I love vac pot coffee. What’s not to love? It’s fun to brew and the coffee is as good as brewed coffee can be, without the sediment you get with a press pot.
I also love to buy old vac pots, but as pretty as they are, if the rubber gasket is old and hard, they are just dust-catchers on the shelf because they don’t create a seal. Without the seal, air escapes around the gasket and you don’t get the vacuum necessary to pull the coffee back into the lower decanter. I broke an upper bowl on one that was difficult to remove after brewing. What a mess that was!
Vac Pot Coffee by Ryan Jacobs
I recently ran across a solution for the gasket problem. Go to the auto parts store and get a can of transmission stop leak. This stuff works on the seals and gaskets in the transmission just as it works on your vac pot gasket. Take the gasket off the upper bowl of the vac pot and soak it in the stop leak for 2 or 3 days. I have had good results on one of my gaskets and I am now soaking the others. I don’t know if it will work on cracked gaskets.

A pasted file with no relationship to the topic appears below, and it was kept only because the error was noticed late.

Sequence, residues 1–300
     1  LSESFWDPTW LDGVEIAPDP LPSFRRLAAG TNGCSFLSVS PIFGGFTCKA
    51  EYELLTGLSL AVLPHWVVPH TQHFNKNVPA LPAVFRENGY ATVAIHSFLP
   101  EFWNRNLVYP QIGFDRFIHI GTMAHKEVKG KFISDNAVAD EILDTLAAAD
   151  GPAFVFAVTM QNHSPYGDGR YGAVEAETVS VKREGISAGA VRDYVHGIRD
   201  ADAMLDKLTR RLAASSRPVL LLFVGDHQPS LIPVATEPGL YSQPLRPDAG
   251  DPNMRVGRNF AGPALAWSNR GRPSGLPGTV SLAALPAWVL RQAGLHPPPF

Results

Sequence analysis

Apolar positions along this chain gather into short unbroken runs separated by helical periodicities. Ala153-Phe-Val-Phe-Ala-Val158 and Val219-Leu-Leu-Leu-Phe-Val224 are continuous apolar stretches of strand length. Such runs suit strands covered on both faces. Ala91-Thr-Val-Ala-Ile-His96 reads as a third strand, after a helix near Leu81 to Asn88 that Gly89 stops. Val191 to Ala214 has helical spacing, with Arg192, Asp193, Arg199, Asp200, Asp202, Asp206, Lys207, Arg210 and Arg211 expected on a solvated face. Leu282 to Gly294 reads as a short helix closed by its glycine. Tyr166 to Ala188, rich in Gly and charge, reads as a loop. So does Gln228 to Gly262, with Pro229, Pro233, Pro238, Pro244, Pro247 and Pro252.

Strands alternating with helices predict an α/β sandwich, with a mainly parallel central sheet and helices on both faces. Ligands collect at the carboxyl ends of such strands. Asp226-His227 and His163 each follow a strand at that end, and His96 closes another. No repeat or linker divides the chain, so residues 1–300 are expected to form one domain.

It won’t make them as new but will soften the old rubber just enough to make the seal. It may not work on all, but for about $4, it’s worth the try.
The stuff stinks so don’t do it in the kitchen. It’s hard to wash off, but the rubber doesn’t come in contact with the coffee, so it’s safe.
This article originally appeared in Badgett’s Coffee eJournal
- Revitalize Old Rubber Vac Pot Gaskets - April 1, 2008
- Testing the Hearthware i-Roast 2 - July 1, 2007
- Caffeine: Physical and Psychological Effects - April 1, 2002